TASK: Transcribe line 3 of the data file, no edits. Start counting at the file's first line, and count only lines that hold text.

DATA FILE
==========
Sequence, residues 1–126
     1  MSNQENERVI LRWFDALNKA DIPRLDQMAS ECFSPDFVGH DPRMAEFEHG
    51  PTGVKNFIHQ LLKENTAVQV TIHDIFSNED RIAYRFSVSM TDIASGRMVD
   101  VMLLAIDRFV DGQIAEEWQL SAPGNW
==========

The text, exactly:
    51  PTGVKNFIHQ LLKENTAVQV TIHDIFSNED RIAYRFSVSM TDIASGRMVD